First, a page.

Drexel University is using nanodiamond solutions to prevent dendrite formation, creating safer batteries
Researchers at Drexel University in Philadelphia have developed a new electrolyte solution that can also safeguard against short circuiting in li-ion batteries.
Although the key technology driving battery-powered transport (and other consumer goods), the process of charging and discharging li-ion batteries do have an effect on the robustness of the system over time. In particular, the movement of ions can cause the formation tendrils, called dendrites, inside the battery. If these form large enough to puncture the separator in the cell, the battery can short circuit, with disastrous results.
Distinguished University and Bach professor in the Drexel College of Engineering Dr. Yury Gogotsim and his research team from the Department of Materials Science and Engineering sought to investigate ways of preventing this. Together with teams from Tsinghua University in Beijing, and Hauzhong University of Science and Technology in Wuhan, China, they attempted to make lithium anodes more stable and lithium plating more uniform to reduce the growth of dendrites.
They have developed a solution using nanodiamonds — tiny diamond particles 10,000 times smaller than the diameter of a hair. When mixed with the electrolyte solution, these particles are deposited on the electrode and “slide together” to form a smooth surface, reducing the electrochemical deposition of dendrites.
In their paper “Nanodiamonds Suppress Growth of Lithium Dendrites” published in Nature Communications, the team reported that this slows dendrite formation to nil through 100 charge-discharge cycles.
“Battery safety is a key issue for this research,” Gogotsi stated. “Small primary batteries in watches use lithium anodes, but they are only discharged once. When you start charging them again and again, dendrites start growing. There may be several safe cycles, but sooner or later a short-circuit will happen. We want to eliminate or, at least, minimise that possibility.”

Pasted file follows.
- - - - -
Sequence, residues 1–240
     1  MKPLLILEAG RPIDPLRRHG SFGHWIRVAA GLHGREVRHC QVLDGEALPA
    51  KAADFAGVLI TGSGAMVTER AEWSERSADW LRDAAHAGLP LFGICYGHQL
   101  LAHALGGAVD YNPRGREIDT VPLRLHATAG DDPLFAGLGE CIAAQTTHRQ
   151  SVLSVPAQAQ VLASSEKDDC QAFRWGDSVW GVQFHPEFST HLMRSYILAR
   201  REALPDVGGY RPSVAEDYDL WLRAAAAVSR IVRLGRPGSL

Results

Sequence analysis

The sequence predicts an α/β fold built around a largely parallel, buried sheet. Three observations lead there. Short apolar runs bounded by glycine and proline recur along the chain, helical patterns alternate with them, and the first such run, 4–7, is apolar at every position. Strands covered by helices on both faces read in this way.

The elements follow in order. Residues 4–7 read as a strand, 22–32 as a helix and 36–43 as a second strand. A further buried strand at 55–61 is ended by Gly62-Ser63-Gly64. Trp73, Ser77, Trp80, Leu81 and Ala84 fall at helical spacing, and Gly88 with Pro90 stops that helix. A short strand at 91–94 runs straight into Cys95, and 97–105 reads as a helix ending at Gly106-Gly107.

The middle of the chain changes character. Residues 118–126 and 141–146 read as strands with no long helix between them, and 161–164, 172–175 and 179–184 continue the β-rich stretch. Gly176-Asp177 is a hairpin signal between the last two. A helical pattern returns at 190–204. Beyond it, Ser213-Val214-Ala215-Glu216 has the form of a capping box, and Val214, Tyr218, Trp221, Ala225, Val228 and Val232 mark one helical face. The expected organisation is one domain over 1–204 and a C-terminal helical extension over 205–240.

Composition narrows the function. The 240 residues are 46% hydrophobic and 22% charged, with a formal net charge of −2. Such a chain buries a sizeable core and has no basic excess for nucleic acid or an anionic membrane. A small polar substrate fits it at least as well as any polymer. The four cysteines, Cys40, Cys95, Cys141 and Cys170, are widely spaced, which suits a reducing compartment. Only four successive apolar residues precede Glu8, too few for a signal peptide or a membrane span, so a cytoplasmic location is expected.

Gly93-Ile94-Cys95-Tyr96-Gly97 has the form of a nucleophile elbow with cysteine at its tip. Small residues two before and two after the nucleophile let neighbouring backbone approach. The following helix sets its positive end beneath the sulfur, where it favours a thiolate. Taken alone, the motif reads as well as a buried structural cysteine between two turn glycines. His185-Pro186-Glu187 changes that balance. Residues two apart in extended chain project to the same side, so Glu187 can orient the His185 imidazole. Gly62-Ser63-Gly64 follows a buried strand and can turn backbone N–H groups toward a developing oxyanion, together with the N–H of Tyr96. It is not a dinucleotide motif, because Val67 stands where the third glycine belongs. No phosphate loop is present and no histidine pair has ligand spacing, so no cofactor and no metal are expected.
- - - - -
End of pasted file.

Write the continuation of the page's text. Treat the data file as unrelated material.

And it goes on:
Current battery designs are already configured to use one electrode made of graphite and filled with lithium – rather than just pure lithium – as a means of limiting dendrite formation, but this stores around ten times less energy than pure lithium. Gogotsi’s innovation would therefore enable the use of pure lithium electrodes, and a significant increase in overall cell energy storage.
Initial results show stable charge-discharge cycling for 200 hours. Further research is required to test cells over a longer periods of time and under various conditions and temperatures, to make sure that dendrite formation is prevented.
While clearly not enough for the duties required of EVs – or even phones – there is potential here. Gogotsi, for example, has said that the discovery is only the beginning of a process that could see further electrolyte additives used to produce safer li-ion batteries with greater energy densities.
“It’s potentially game-changing, but it is difficult to be 100 percent certain that dendrites will never grow,” he said. “We anticipate the first use of our proposed technology will be in less critical applications — not in cell phones or car batteries. To ensure safety, additives to electrolytes, such as nanodiamonds, need to be combined with other precautions, such as using non-flammable electrolytes, safer electrode materials and stronger separators.”
Cost may also figure here – diamonds are unlikely to come cheap. However, if anything even resembling a tenfold increase in energy density is possible, battery-makers would do well to explore this avenue.